His favorite movies are Lawrence of arabia , the bridge on the river kwai , fantasia , a space odyssey , citizen kane , a guy named joe , the godfather , the french connection , Dr strangelove or how i learned to stop worrying and love the bomb , day for night , pinocchio , the best years of our lives , the searchers , how green was my valley , it's a wonderful life , the day the earth stood still , the war of the worlds , playtime , psycho , the birds , tootsie , and captains courageous Some films that have influenced him are captain courageous , pinocchio , how green was my valley , the day the earth stood still , secret of the incas , Lawrence of arabia , the birds , play time , a space odyssey , and the french connection I think that the Internet is going to effect the most profound change on the entertainment industries combined.
And we're all gonna be tuning into the most popular Internet show in the world, which will be coming from some place in Des Moines. We're all gonna lose our jobs. We're all gonna be on the Internet trying to find an audience. Once a month the sky falls on my head, I come to and I see another movie I want to make.
Before I go off and direct a movie I always look at 4 films. In a two-shot with anyone, even Gable, Clark Gable , your eyes fix on her. She is imperious, yet with a childlike sparkle. She is haughty, yet tender. She has no great range as an actress, yet within the range she can perform better than any of her contemporaries. I have made almost as many films in England as I have in America. I will come back to England again and again. I would love to see the British film industry get back on its feet again. I don't drink coffee. I've never had a cup of coffee in my entire life. That's something you probably don't know about me.
I've hated the taste since I was a kid. I'd rather direct than produce. Any day. And twice on Sunday. Poltergeist is the darker side of my nature, it's me when I was scaring my younger sisters half to death. In Poltergeist, I wanted to terrify and I also wanted to amuse - I tried to mix the laughs and screams together. I always like to think of the audience when I am directing.
Because I am the audience. The older I get, the more I look at movies as a moving miracle. Audiences are harder to please if you're just giving them special effects, but they're easy to please if it's a good story. The audience is also the toughest critic - a good story that exists in your world may not be the first choice for an audience. So I just do the best I can. You have to take the other elements of the film and make them as good as possible, and doing that will uplift the film. Godzilla Godzilla, King of the Monsters!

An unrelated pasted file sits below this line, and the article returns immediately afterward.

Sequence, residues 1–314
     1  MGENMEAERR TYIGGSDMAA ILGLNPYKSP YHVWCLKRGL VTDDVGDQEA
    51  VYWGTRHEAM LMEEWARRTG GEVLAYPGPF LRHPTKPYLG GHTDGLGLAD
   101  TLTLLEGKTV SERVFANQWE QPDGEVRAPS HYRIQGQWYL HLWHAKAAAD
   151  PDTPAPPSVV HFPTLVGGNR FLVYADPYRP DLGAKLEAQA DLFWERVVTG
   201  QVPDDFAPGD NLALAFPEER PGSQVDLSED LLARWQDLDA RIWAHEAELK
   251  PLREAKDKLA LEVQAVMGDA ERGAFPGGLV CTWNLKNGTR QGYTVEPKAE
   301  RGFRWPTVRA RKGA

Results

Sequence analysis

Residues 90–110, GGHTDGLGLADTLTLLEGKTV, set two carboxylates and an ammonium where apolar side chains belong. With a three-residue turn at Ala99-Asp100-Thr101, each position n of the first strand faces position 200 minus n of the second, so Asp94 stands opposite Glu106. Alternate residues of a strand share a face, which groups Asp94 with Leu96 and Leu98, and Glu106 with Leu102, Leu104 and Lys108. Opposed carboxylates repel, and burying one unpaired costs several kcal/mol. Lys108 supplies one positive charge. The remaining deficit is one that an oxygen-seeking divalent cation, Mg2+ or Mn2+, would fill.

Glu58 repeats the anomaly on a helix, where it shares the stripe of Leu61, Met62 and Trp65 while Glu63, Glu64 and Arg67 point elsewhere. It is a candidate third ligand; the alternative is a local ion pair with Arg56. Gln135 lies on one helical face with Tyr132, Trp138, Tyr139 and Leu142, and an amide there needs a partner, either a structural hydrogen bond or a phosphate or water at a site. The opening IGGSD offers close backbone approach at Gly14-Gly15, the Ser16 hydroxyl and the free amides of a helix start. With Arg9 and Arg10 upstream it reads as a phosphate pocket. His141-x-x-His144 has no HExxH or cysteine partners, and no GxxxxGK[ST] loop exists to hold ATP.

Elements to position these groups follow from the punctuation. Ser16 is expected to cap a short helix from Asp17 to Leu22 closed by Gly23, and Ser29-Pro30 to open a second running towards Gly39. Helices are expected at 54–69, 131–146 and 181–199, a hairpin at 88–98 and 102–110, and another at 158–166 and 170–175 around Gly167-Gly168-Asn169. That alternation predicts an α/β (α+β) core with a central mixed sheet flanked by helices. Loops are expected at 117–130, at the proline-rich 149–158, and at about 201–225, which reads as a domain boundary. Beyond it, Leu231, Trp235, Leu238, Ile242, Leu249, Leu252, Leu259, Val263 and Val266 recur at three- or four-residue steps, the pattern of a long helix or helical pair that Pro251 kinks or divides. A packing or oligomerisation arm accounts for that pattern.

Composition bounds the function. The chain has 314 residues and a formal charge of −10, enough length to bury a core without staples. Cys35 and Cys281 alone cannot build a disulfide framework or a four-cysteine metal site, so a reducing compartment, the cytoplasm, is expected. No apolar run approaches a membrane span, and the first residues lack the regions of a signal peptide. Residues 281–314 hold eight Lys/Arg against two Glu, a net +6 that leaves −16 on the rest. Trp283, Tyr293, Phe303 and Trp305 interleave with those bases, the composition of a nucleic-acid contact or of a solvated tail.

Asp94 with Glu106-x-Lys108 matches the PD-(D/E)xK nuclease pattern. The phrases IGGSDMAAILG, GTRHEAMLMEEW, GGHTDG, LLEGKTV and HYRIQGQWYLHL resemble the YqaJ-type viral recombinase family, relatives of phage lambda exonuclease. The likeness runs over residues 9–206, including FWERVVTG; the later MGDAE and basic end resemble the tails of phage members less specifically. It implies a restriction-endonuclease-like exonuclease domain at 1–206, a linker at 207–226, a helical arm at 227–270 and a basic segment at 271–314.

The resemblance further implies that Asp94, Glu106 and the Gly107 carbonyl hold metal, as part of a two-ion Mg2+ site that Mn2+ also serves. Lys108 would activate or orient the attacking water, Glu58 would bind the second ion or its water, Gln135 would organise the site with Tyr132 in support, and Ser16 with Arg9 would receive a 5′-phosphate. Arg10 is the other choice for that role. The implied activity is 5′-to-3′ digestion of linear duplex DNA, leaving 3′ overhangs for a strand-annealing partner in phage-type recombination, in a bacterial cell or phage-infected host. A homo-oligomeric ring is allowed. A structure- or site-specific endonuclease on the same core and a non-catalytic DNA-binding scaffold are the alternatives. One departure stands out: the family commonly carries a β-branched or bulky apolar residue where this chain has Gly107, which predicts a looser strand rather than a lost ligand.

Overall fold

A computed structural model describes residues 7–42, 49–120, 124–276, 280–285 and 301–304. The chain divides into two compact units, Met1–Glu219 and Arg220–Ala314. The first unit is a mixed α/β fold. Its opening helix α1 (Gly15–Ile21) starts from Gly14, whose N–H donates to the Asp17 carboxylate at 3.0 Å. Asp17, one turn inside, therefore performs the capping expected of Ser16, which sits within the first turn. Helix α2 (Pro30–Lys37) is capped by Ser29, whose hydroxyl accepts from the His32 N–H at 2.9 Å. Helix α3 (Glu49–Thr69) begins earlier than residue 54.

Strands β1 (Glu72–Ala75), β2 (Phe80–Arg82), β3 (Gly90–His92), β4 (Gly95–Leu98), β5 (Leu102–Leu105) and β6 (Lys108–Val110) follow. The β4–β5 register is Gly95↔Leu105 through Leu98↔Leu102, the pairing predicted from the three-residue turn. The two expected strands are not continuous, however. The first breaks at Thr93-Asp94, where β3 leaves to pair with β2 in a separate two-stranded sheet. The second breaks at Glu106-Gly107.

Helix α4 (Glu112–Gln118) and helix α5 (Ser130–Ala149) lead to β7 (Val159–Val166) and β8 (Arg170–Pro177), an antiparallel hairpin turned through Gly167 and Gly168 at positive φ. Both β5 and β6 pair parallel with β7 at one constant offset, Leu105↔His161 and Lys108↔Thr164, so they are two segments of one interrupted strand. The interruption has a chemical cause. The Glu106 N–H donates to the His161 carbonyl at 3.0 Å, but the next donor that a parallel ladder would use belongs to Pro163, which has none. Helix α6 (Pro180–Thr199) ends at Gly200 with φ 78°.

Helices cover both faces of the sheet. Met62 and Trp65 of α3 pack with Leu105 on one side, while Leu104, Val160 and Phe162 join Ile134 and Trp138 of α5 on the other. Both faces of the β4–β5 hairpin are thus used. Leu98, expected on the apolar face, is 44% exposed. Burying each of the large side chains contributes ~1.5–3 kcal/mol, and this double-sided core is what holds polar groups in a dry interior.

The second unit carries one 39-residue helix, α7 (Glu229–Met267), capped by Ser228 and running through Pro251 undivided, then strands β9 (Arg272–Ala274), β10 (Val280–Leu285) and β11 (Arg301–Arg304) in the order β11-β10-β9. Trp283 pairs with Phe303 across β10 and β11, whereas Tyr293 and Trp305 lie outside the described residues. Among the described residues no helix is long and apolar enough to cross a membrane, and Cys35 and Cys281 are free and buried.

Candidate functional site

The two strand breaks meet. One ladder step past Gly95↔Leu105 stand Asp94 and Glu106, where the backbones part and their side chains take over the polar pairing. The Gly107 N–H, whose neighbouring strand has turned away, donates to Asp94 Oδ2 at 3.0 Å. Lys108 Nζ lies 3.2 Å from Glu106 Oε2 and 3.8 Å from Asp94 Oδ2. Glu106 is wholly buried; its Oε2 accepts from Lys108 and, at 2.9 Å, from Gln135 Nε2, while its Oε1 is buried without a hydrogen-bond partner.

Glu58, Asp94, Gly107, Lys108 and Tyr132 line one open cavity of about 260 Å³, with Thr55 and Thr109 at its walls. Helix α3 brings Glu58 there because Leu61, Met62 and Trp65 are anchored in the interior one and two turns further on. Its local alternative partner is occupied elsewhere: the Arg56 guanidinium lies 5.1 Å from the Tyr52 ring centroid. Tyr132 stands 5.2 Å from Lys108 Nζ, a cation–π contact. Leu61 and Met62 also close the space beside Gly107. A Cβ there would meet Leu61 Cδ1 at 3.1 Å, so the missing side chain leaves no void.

I don't work weekends. Weekends are for my kids.
- Die Tränen des Schattens (German Edition).
- The Biography of Judge Winston Brooks.
- The Mapmaker and the Ghost.
- The Distance between Hopes and Dreams: Poems.
And I have dinner at home every night when I'm not physically directing a movie - I get home by six. I put the kids to bed and tell them stories and take them to school the next morning. I work basically from 9. I think every film I make that puts characters in jeopardy is me purging my own fears, sadly only to re-engage with them shortly after the release of the picture. I'll never make enough films to purge them all. I'm as guilty as anyone, because I helped to herald the digital era with Jurassic Park But the danger is that it can be abused to the point where nothing is eye-popping any more.
The difference between making Jaws 31 years ago and War of the Worlds is that today, anything I can imagine, I can realize on film. Then, when my mechanical shark was being repaired and I had to shoot something, I had to make the water scary. I relied on the audience's imagination, aided by where I put the camera.